Amendment 7

Part of Overseas Operations (Service Personnel and Veterans) Bill - Report – in the House of Lords at 5:00 pm on 13 April 2021.

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Photo of Lord Hope of Craighead Lord Hope of Craighead Judge 5:00, 13 April 2021

My Lords, I will add just a few words to what the noble Lord, Lord Thomas of Gresford, said in support of Amendment 13. The provisions to which it is addressed which are of particular interest to me are in Schedule 3, which seeks to amend the legislation that applies in Scotland to the same extent to that in Schedules 2 and 4, which apply to the other jurisdictions. The crucial point is the imposition—for such it is—of an absolute prescription of six years.

As we know, the three-year limitation period that applies at present is accompanied by protections that enable the court to extend the limitation period if it is justified by the circumstances—the date of knowledge exception. It seems that the Bill applies a hard-edged cut-off that makes no allowance whatever for extenuating circumstances. I could understand it if this proposal had been accompanied by a carefully conducted research programme into how the three-year limitation has worked in practice over the years, identifying on how many occasions the period has been extended for more than three years, and why and at what point the extensions have been sought and justified. We are, of course, in this case, and indeed throughout the Bill, dealing with the consequences of operations that have been conducted overseas, maybe under very difficult circumstances. Gathering together enough information to determine whether a claim would be justified, let alone to bring together all the information needed to justify bringing the claim before the court out of time, may take much more time and effort than is needed in the more benign domestic cases. That is the reason for seeking the discrimination to which the noble Lord, Lord Faulks, referred.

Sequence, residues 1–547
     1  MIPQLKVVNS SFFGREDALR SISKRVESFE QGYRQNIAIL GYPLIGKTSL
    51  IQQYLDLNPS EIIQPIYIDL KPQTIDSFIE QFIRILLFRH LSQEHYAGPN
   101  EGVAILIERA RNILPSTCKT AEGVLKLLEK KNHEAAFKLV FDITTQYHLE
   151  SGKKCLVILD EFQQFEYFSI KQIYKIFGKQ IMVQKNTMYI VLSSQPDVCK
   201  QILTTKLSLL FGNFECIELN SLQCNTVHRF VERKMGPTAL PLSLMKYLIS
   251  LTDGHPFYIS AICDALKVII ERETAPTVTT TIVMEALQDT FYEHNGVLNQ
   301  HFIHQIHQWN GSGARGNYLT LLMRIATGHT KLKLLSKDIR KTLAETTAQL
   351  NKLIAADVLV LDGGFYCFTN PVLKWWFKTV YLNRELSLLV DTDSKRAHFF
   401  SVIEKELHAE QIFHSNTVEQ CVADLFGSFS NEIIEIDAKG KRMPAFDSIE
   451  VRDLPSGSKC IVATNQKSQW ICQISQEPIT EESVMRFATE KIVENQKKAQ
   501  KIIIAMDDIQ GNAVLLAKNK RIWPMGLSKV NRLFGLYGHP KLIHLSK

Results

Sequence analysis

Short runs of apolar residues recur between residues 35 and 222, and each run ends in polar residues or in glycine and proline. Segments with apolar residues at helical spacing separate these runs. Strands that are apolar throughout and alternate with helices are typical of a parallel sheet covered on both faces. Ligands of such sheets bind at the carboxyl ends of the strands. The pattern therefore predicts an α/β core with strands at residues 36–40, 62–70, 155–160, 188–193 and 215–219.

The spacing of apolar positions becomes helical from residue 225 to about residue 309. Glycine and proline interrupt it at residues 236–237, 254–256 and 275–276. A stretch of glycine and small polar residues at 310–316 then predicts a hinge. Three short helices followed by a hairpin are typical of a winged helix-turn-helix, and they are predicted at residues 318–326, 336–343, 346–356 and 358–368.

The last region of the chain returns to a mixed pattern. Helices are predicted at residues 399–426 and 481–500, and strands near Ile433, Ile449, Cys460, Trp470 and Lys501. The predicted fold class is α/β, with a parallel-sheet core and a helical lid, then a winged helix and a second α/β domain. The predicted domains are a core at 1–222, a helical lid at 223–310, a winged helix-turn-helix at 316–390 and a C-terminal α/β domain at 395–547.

Without this amendment, the proposal in the Bill is a bit of a hostage to fortune. We simply do not know what its effect would be—maybe not very great, as the noble Lord, Lord Faulks, said, but if it is there, it would seem to be unfair. I cannot see anything wrong in bringing out a class of individuals to whom this amendment is directed. In principle, what is wrong with identifying a particular class of claimants, particularly where they can be seen to be, in particular situations, disadvantaged, as we are contemplating in this Bill? For these general reasons, I am inclined to support Amendment 13.